Little Brother by Cory Doctorow

book jacket manga style teens with x in backgroundLittle Brother by Cory Doctorow (2008) surveillance run amok and not in a good way. Obvious references to George Orwell’s 1984 creation of Big Brother and the constant surveillance state abound. The protagonist even uses Winston (W1n5t0n) as a handle, the name of Orwell’s protagonist.

Good read. In fact, I decided it warranted a straight through read because it was that kind of plot. Chain events leading ever onward. The 2008 contrasted with reality of 2017 (being unbelievably surreal today) dates the plot a bit because it relies on a belief in the legitimacy and independence of the Fourth Estate, A Free Press.

The concept of Fake News comes through perfectly with the way the clever teens find themselves being misunderstood and portrayed as terrorists instead of freedom fighters in the general news.

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America’s Constitution by Akhil Reed Amar

book jacket title and image of quill penAmerica’s Constitution: A Biography by Akhil Reed Amor (c 2005)

This is a very long book, 477 pages including the postscript, plus back matter that includes the text of the Constitution and the Bill of Rights, plus extensive notes, and an index that brings it up to 655 pages. When approaching such a vast book, I rarely read straight through, or even all of it since some of it is redundant to what I already know. Unfortunately, the chapter titles in the book are next to useless in describing the content one might expect to see in the book and it is clearly not organized by any logical organization. As a “biography” the author obviously declares that he must start at the beginning. Back in the day when I was a book development editor, I would have strongly recommended some alternative structure than starting at the beginning. Since no dates are included in the headers or chapter pages.

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Constitutional Myths by Ray Raphael

drawing of George Washington book coverConstitutional Myths:What We Get Wrong and How to get it Right (2013)

Update: this book is now on my BUY list. The content is superb. The author has also written several other books in this area of American History that I will get from the library soon.

In the preface, the author describes how the ¬†Constitution, once revered as a uniting force, has now become divisive along ideological lines. “People see in our governing document only what they wish to see. It is not a unifying force, as its authors had intended, but a wedge that widens the partisan divide.” A little bit later he makes the point that history cannot “be understood by treating the past as if it were the present. Much has happened since the founders’ time: national expansion on a shrinking planet, nuclear and biological warfare, Internet and broadcast technologies, and so on — more than two centuries of subsequent history.¬†He gives a rather amusing anecdote to illustrate the changes.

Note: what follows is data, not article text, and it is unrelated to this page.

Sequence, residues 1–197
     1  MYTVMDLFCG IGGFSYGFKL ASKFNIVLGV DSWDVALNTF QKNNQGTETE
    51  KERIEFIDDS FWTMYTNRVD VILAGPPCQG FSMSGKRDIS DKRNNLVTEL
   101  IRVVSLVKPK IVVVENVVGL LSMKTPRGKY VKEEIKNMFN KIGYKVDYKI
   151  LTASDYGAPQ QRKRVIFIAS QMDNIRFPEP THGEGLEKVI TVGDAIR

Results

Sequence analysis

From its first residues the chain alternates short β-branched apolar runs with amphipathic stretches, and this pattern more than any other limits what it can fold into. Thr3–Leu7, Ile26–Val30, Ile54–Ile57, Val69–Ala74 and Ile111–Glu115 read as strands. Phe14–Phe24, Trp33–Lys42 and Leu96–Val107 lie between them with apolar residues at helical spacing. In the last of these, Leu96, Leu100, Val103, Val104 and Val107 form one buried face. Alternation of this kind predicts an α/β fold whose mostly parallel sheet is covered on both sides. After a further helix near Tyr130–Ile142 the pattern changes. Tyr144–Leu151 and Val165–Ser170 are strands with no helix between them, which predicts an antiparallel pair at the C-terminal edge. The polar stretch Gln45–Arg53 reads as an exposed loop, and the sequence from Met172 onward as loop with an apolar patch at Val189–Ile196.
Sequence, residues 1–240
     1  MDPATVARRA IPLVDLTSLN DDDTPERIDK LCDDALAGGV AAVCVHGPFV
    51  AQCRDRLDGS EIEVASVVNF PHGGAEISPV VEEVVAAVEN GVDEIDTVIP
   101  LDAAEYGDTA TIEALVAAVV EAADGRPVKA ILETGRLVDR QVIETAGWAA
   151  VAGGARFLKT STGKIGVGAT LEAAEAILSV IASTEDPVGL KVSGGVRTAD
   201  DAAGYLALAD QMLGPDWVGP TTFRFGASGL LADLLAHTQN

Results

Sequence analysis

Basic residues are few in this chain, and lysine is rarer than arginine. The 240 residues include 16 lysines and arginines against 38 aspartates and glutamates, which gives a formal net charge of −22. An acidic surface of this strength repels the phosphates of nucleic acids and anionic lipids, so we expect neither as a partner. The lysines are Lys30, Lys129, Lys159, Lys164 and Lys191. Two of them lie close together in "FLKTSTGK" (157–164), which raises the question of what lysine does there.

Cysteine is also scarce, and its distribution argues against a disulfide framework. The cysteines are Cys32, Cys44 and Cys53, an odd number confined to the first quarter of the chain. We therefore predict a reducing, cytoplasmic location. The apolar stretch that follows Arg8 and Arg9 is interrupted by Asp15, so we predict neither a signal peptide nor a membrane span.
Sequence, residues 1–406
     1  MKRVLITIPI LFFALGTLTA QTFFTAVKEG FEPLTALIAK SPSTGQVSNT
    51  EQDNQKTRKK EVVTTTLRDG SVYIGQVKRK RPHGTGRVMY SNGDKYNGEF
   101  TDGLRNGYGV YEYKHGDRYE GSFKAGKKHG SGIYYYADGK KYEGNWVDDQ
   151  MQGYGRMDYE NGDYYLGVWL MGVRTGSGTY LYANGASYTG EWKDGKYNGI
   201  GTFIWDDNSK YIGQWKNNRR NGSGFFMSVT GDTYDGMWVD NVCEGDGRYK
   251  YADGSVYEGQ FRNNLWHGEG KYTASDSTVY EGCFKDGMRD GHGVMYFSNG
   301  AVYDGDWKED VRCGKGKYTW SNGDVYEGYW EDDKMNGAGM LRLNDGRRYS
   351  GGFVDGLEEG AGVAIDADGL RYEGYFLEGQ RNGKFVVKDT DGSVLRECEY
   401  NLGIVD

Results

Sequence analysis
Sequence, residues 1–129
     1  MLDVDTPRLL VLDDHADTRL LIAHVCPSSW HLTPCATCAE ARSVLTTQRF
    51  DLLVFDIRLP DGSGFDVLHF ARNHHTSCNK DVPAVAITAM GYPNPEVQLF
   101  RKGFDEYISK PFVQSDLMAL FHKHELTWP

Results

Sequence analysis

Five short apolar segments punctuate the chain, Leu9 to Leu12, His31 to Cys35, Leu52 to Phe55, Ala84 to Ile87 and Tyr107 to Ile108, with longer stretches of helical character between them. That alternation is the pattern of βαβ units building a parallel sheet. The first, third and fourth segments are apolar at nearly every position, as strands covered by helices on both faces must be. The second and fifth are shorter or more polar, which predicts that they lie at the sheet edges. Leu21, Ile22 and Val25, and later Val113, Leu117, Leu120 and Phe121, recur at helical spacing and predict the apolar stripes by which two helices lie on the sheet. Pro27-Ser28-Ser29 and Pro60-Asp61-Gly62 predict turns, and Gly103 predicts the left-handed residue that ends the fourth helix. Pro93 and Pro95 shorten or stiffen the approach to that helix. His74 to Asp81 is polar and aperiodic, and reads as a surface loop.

Compare then and now. On October 15, 1789, President Washington set out from New York with only two aides and six servants to tour New England. In his diary, he chronicled the first day of the journey:

‘The road for the greater part, indeed the whole way, was very rough and stoney [sic], but the land strong, well covered with grass and a luxuriant crop of Indian corn intermixed with popions [pumpkins] which were ungathered in the fields. We met four droves of beef cattle for the New York market (about 30 in a drove) some of which were very fine — also a flock of sheep for the same place. We scarcely passes a farm house that did not abd. in geese.’

Washington was traveling through what is now THE BRONX, traversed by interstate highways and expressways, not stony roads, and home to some 1.4 million people packed tightly within apartments. If the country Washington observed was very different back then, so too was the manner in which he observed it, close up and literally on the ground, experiencing every stone in the road. He could meet his constituency directly, without intervention from an advance team, a press corps , or a small army of secret service agents.  (p. xi, emphasis mine as anyone who has ever been to the Bronx will agree)

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